[Review] Box Boy + Box Girl – Nintendo Switch

Written by Jonathan Ober

Developer: HAL Laboratory, Inc.
Publisher: Nintendo
Release Date: 26/4/2019
Price: £8.99 / $9.99
Review code provided by: Nintendo

A boy, a girl, and their love of boxes

Box Boy’s first monochromatic puzzle solving adventure slipped under the radar for many 3DS owners back in 2015. Its sequel BoxBoxBoy! added a new character and was released the following year. Now Box Boy + Box Girl joins the Nintendo Switch lineup adding a two player cooperative campaign and more than 270 total levels. My first foray into Box Boy was with the original on the 3DS. I enjoyed the simplistic visuals and the overall puzzling nature of building blocks and completing levels.

Box Boy + Box Girl is a puzzle game at its core. The main goal is to get to the end of the small stages by jumping over gaps, creating steps, placing boxes on switches to open up doorways and more. Completing each stage by limiting the number of boxes you use and collecting the crowns strewn about the level will net you coins and medals. The monetary rewards can be used for aids which can add to the number of blocks you can make at one time, keep you safe from harmful electric currents, and much more. The medals can be traded in for cool costumes which allows you to outfit either Box Boy or Box Girl with hats, eyes, mouths, and clothing.

Box, Locked, and Loaded

Levels in Box Boy + Box Girl are small and linear in how you solve them. Solving them with the minimal number of boxes is the key to success and more medals though just completing a level can be difficult. You move Qbby, Qucy, and Qudy around the level with the left control stick and jump with B. Both characters can create boxes, though in some levels the number of boxes a character can create at any one time may differ. When you create boxes you can make a line, or step for your character to walk across on hop up. Boxes can be tossed with Y and reset with the X button. If you are playing as both Qbby, Qucy, and Qudy alone, you can cycle through each character using the shoulder buttons. Later in the game you learn other abilities, one favorite of mine is the ‘hook shot’ like ability which pulls you towards your starting block which adds a unique way of traversing the levels.

The game is broken up into a few worlds that have a theme or style to them. Early on for instance you are limited to a few boxes you can create and rely mostly on covering up spike pits or building steps to reach the end door. There’s another world that has you maneuvering around electric blocks that are an instant death to your boxed character. One world that I enjoyed a lot introduced button switches which could be activated by standing on them or by placing a block over them. The doors and switch area was filled with some of my favorite puzzles, especially in the two player mode.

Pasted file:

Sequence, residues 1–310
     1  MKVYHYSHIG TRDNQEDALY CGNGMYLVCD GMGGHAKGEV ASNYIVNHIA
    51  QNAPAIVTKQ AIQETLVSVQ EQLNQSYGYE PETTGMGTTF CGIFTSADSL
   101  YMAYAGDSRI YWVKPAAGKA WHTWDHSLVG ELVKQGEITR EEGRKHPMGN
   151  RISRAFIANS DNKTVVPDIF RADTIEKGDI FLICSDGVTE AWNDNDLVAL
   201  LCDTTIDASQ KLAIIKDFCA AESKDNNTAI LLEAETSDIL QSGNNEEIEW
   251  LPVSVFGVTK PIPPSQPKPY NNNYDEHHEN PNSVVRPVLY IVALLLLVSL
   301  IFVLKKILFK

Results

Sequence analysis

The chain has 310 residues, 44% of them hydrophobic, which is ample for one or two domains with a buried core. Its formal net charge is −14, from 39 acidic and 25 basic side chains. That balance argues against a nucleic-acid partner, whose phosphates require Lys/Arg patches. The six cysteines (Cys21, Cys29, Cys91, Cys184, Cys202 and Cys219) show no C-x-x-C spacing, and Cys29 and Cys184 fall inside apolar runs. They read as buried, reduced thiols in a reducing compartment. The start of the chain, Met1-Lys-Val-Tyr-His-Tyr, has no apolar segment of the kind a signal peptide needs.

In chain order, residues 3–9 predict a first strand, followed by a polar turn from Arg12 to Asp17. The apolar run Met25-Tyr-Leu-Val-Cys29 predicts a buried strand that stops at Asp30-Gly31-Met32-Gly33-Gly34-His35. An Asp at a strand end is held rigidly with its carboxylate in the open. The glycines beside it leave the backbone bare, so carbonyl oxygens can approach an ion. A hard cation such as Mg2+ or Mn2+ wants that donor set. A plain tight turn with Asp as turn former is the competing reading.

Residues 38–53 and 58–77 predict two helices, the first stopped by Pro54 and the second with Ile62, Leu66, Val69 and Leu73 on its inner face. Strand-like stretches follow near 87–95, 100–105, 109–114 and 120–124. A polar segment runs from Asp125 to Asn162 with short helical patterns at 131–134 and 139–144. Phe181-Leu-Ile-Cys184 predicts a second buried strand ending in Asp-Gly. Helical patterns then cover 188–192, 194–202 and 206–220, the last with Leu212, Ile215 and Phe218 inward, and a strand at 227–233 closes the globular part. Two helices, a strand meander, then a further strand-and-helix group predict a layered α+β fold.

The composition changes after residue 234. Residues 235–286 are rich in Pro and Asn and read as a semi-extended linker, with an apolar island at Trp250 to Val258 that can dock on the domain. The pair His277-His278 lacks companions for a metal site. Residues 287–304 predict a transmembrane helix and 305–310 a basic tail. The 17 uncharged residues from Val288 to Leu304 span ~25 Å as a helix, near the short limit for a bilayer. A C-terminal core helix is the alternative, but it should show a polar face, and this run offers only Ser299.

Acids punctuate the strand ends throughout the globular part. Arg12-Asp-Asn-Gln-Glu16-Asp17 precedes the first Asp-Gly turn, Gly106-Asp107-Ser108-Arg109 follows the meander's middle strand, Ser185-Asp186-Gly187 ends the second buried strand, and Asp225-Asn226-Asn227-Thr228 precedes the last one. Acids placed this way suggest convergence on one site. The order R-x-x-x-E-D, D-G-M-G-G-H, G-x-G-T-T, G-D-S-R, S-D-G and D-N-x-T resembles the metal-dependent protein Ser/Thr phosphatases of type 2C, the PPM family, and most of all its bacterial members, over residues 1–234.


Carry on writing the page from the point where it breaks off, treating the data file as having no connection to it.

Progression in Box Boy + Box Girl happens by finishing the level and passing through the doorway at the end. Once you complete all of the levels in a given world, the next world opens up. You do not need to get all the medals or crowns in a level to progress, though doing so will help you 100% the game and reward you with all of the costumes for your characters.

The biggest addition to Box Boy + Box Girl is the multiplayer co-operative mode which allows you and a friend, or in my case, my 9 year old daughter to work together to reach the goal. Working together to solve puzzles with Qbby, Qucy, and Qudy reminded both of us of recent co-op puzzle games like Degrees of Separation, Pode, Unravel Two, and Fossil Hunters.

Qbby, Qucy, and Qudy can be dressed up with various parts and nearly endless possibilities in Box Box + Box Girl. Some of our house favorites include the Sherlock Holmes-like hat and mustache combination or the hilarious cat ears and fish body motif. Since getting 100% on each level requires a commitment to beating each puzzle in the best way possible, as well as, getting the crowns within each stage, unlocking everything can be very difficult.

Just a simple Boy…and Girl…and Qudy

Box Boy + Box Girl uses the same simple line art and light pastel colors of the other games in the series, though I do feel like the animation and movement in this game feels a bit better and tighter when jumping and creating lines or steps of blocks. The simplistic nature of the visuals though may be the biggest inherent flaw of the game, as many people will write off the game as being too simple or kiddie and never discover this eShop gem.

Beatboxing ballad, boops and bobs.

Qbby, Qucy, and Qudy don’t really make much sounds and the game itself is light on the soundtrack. The music is fitting and 8-bit-like which is fine and fits with the aesthetics of the game. The blips and bops of the characters as you create blocks, jump, or victory tunes after a level complete overall fit well into the ‘box’ that is Box Boy + Box Girl on Nintendo Switch.

Smooth Qbby

During my time with Box Boy + Box Girl I never encountered any bugs or glitches. The game ran smoothly in both handheld and docked modes which wasn’t surprising given the visually simplicity and smoothness of the Switch title.

Unbox fun with a friend

Box Boy + Box Girl is a fun platformer puzzle game with the added bonus of including a two-player cooperative layer to its already excellent game play. The game does reward you for your hard work in completing each level with a plethora of costumes and accessories for Qbby, Qucy, and Qudy.

Pros

  • Cooperative mode with a friend
  • 270 levels of puzzling
  • Some very challenging crowns

Cons

  • Working with a friend can sometimes be frustrating
  • Puzzle variety sometimes get stale
  • Some very challenging crowns

Verdict
Box Boy + Box Girl is the best fun you can have with boxes since Tetris 99.
4.5/5

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